After the Death and Resurrection of Jesus Christ, the first Christians literally risked their lives in order to practice their faith. 2,000 years later, has anything changed? In this interview for Xt3's 2014 Lent Calendar, Dr John Rees explores the reality of Christian persecution in our modern world.
Hardly a day goes by without mention in the press of an apparent collision between Christianity and today’s so-called ‘secular culture.’So should Christianity still have a voice in the public square?’ Bishop Philip Egan from the Diocese of Portsmouth gave an address on this topic recently at Kings College London.
A Ukrainian Catholic priest in Crimea said church members are alarmed and frightened by the Russian military occupation and fear their communities might be outlawed again if Russian rule becomes permanent.
Boko Haram terrorists have killed more than 500 Catholics in Nigeria, and destroyed 20 churches and rectories, since launching their violent campaign in 2009, the Fides news service reports. The Fides report is based on numbers furnished by Bishop Oliver Dashe Doeme of Maiduguri, whose diocese is in the northeast of Nigeria where the Boko Haram terrorists have been most active. Visit this article to read more.
About a dozen Greek Orthodox nuns held by Syrian rebels are taken back to the conflict-torn country after disappearing in December. Video by Catholic News Service.
A new film called A Priest in the Family is being funded by the Catholic Diocese of Broken Bay and tells the story of shocking child abuse by local Catholic priests, with the film exploring the impact on child victims and the church community
An ultimatum allegedly from a jihadist group has demanded that Syrian Christians live as “dhimmis,” low-status subjects who must pay protection money and obey strict restrictions on their religious practice. Christians who reject conversion to Islam or the restrictive conditions “are subject to being legitimate targets, and nothing will remain between them and ISIS other than the sword,” said the online statement reputedly from the Islamic State in Iraq and the Levant (ISIS), the BBC reports.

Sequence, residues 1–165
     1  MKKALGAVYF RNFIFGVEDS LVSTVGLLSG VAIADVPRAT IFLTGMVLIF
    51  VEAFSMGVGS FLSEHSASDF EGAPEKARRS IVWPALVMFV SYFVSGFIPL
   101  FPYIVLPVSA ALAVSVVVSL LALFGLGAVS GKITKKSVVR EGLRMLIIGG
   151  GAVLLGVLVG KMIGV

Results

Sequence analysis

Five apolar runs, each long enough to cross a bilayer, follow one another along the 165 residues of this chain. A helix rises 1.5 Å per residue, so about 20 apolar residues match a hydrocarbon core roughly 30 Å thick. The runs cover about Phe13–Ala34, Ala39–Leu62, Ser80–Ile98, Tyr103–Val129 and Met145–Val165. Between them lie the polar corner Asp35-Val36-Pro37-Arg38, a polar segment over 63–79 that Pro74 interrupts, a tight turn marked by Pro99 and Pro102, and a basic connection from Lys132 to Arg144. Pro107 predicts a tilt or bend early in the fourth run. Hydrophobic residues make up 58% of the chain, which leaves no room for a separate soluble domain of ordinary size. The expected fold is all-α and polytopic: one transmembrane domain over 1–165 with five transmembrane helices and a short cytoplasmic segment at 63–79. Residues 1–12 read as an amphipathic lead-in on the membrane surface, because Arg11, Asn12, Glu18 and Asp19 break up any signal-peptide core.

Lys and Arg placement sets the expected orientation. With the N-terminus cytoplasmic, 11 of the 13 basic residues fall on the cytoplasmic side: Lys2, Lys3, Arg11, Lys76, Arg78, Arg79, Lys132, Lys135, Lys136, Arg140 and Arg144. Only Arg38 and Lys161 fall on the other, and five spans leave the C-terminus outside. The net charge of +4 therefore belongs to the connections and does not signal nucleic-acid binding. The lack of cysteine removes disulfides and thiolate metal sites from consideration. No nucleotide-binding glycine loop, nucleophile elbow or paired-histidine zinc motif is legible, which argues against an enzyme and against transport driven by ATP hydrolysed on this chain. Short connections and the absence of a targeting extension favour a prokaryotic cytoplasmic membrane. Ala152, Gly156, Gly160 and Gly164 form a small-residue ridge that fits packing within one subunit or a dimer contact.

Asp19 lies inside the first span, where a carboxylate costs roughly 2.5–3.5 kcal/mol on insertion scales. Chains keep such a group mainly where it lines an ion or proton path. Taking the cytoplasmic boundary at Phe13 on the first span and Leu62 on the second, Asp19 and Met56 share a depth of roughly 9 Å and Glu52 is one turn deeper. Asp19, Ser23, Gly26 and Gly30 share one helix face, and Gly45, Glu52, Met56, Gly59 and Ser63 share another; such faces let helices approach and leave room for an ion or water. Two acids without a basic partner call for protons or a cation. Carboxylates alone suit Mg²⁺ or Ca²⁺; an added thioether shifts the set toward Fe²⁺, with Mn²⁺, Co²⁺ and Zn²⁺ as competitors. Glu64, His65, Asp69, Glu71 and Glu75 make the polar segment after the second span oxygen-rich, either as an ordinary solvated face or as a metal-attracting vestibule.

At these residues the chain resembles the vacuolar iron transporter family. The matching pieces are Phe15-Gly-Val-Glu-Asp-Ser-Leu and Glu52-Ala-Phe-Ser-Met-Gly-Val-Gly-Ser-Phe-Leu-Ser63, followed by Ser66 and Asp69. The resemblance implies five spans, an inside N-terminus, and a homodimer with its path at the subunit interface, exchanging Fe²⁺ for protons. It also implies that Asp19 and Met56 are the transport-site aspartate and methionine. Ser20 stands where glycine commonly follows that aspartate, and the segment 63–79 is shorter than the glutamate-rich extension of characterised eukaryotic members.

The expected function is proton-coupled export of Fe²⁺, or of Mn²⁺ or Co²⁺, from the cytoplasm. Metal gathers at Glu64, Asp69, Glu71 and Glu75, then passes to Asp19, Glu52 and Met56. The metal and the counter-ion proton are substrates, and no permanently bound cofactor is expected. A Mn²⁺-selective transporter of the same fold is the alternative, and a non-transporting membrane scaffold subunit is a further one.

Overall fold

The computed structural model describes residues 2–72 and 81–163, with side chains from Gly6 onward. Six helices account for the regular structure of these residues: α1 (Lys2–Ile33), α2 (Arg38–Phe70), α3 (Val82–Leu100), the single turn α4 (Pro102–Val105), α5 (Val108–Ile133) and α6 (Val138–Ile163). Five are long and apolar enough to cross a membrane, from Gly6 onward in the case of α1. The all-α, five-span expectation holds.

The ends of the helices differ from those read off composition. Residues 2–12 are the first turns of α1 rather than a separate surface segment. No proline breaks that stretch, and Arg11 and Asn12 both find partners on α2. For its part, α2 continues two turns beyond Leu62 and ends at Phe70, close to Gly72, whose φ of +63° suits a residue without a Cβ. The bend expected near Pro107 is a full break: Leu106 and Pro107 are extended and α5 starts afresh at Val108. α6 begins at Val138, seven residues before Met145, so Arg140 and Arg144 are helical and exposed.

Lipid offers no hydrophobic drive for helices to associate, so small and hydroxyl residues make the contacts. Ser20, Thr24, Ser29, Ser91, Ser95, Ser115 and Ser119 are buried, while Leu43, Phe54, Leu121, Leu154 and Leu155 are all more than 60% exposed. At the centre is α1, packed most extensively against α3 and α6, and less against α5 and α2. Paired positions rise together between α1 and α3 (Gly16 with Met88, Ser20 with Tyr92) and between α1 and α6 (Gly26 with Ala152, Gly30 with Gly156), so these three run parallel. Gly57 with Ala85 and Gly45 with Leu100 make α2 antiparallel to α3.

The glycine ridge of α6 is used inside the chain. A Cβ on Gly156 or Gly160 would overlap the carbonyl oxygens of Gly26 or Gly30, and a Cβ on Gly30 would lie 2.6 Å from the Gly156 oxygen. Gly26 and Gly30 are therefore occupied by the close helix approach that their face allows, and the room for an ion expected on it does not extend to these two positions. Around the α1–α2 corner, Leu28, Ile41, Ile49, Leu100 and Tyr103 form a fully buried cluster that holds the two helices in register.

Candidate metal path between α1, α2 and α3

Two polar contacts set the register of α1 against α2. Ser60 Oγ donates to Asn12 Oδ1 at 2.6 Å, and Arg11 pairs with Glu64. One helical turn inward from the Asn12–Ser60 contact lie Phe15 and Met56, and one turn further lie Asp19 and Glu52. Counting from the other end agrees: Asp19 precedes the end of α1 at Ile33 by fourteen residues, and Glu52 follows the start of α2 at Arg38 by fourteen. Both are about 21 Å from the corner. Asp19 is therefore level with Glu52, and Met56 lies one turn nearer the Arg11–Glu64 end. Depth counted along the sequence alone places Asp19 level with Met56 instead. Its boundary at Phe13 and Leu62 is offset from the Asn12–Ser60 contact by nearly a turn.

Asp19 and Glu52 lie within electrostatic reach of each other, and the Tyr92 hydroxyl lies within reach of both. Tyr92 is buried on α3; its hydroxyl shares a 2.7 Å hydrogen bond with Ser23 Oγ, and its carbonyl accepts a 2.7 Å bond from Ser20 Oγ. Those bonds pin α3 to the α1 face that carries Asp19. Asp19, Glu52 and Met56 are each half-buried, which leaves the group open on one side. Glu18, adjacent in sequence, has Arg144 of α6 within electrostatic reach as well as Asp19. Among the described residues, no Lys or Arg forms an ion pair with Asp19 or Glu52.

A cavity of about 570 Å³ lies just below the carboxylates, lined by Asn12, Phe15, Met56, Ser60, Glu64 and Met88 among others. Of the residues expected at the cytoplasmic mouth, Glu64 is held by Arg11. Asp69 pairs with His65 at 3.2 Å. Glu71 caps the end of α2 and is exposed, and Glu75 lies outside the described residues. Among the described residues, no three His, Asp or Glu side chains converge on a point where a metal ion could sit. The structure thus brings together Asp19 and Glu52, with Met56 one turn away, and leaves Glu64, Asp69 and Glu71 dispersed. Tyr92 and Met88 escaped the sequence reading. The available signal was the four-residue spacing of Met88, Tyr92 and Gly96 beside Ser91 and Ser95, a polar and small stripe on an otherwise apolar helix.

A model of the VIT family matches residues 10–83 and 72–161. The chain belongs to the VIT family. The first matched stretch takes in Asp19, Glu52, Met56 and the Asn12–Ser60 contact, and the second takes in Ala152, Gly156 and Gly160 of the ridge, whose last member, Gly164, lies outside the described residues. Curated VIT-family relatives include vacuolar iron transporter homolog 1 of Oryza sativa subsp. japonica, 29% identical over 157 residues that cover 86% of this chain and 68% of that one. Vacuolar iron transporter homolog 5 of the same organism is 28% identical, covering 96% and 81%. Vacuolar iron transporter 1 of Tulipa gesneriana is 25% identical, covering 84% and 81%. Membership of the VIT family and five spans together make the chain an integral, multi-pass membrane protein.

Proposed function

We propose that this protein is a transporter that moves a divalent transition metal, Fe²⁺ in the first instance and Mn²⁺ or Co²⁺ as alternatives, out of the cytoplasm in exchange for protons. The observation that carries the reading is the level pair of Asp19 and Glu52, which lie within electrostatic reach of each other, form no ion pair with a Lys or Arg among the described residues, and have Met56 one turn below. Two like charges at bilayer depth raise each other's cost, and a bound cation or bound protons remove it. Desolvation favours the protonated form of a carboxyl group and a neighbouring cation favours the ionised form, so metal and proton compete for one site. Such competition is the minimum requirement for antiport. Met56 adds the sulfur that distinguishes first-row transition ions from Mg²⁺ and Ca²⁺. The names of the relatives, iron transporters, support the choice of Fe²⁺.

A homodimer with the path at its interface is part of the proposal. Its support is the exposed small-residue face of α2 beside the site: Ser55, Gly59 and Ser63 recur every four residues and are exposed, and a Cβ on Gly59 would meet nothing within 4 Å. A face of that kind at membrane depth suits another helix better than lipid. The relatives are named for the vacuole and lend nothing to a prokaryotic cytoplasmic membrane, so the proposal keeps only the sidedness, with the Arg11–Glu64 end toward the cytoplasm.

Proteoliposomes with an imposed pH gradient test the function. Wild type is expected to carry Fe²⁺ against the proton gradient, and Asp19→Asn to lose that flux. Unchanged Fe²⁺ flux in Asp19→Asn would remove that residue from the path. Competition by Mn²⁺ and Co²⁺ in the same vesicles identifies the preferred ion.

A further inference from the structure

A Christian, an Atheist, a Muslim, a Jew and an Agnostic sounds like the beginning of a well-worn novel. But at a meeting hosted by the NSW Council for Christians and Jews at the Archdiocese of Sydney's offices at the Polding Centre yesterday, a group of young French men aged between 20 and 23 proved not only that this was no joke but that those of different faiths as well or no faith at all could respect one another's beliefs and live in harmony together.
Australia's first Islamic museum has opened its doors to the public - showcasing the rich history, arts and culture of the religion.
North Korean authorities yesterday morning released 75 year old Australian missionary John Short, arrested on February 16 on charges of "illegally distributing religious material". Short, who has lived for decades in Hong Kong with his wife, arrived a little while ago at Beijing airport. He said he was "very, very tired," and added that for now, he "intends only to rest". Pyongyang released him "in consideration of his age" and "in light of the fact that he confessed his crimes and apologized. This is a generous decision".
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